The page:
Along the Coast: County takes a step to reopen beaches; restaurant rules are eased

A Palm Beach County sheriff's deputy tells beach-goers in South Palm Beach of restricted beach access on March 21. Tim Stepien/The Coastal Star

By Mary Hladky

Palm Beach County commissioners, by a 4-3 margin, voted to reopen the county's beaches to county residents on May 18.

The May 8 decision is preliminary, with the commission agreeing to meet again on May 15 to finalize the plan for beach openings.

While it is possible commissioners could change their minds, that seemed unlikely after they negotiated among themselves to craft an order that a majority could accept.

Both public and private beaches would be allowed to reopen from sunrise to sunset. Beach-goers will have to abide by social distancing guidelines and gatherings would be limited to 10 people. Concession facilities will not be open.

But only Palm Beach County residents will be able to use them, as commissioners attempted to ward off an influx of beach-goers from Broward and Miami-Dade counties where beaches remain closed.

County and municipal law enforcement officers will enforce the order. Cities and towns, however, have the authority to decide they do not want to reopen.

The action marks the second step to ease the lockdown that has kept county residents largely confined to their homes because of COVID-19. The county reopened parks, golf courses and marinas on April 30.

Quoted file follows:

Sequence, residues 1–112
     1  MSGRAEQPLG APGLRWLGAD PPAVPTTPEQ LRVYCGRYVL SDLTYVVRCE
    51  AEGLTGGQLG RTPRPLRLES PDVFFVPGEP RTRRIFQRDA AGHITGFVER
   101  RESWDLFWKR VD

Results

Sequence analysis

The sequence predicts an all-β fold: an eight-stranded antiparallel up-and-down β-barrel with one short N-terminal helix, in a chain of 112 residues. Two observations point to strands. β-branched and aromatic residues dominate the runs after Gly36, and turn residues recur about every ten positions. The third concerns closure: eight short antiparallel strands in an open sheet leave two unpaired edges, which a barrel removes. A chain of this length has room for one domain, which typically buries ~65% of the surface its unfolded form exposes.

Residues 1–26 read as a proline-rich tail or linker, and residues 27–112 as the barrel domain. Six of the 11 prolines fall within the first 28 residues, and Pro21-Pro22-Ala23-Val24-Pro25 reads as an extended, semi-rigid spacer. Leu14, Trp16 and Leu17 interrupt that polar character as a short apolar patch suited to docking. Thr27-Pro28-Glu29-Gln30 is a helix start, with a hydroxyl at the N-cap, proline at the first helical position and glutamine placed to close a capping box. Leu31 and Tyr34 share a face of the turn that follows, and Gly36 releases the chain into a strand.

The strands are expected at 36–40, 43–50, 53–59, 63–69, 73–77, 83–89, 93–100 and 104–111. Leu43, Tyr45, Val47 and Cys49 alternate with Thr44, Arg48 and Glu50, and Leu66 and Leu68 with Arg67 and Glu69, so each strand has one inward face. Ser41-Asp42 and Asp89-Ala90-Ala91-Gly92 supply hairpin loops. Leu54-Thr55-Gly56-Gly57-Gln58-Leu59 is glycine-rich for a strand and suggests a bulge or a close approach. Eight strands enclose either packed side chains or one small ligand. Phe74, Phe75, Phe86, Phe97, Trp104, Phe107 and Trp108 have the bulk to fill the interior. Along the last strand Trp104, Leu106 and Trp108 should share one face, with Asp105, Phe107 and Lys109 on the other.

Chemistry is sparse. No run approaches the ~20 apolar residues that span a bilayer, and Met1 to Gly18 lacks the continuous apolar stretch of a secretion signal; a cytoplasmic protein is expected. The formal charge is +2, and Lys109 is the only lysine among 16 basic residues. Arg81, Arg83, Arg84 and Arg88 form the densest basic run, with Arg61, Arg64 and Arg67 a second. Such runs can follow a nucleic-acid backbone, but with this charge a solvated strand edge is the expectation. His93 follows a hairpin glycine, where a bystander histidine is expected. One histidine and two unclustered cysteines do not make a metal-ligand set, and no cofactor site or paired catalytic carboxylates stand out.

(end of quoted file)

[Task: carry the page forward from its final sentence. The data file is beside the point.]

Separately, Gov. Ron DeSantis announced in West Palm Beach that restaurants and some nonessential retail businesses can reopen May 11 with those in Broward and Miami-Dade counties to follow on May 18. Restaurants can offer outdoor seating with 6 feet of social distancing and indoor seating at 25% capacity.

Palm Beach County had asked DeSantis to lift the restrictions as he already had for 64 of Florida's 67 counties. But the governor placed greater restrictions on Palm Beach, Broward and Miami-Dade counties because the three have more than half of the state's coronavirus cases.

County commissioners took the action on reopening beaches even though health director Dr. Alina Alonso had recommended against it. She warned earlier this week that reopening too soon risks a resurgence of the disease.

“Our own health department is telling us not to do it,” said Commissioner Gregg Weiss, who along with Mack Bernard and Mary Lou Berger voted against the reopening.

County Mayor Dave Kerner cast the deciding vote. “My intent is I want people to go to the beach,” he said.

Commissioner Robert Weinroth, who represents the coastal South County, was the strongest proponent of beach reopening.

“It is the right time,” he said. “There is no reason our residents can’t act responsibly.”

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Comment by Hobart Gapp on May 13, 2020 at 9:28pm

If we keep the beaches closed, keep the restaurants closed, don’t let people get haircuts or go to the movies, the economy can’t recover. If the economy doesn’t recover, the opposition party is hoping they can win the White House...probably the Senate too. It really isn’t hard to understand is it?  I think my three year old can see what’s happening here. 

Comment by Rodrigo Griesi on May 8, 2020 at 2:40pm

thanks for sharing the news!

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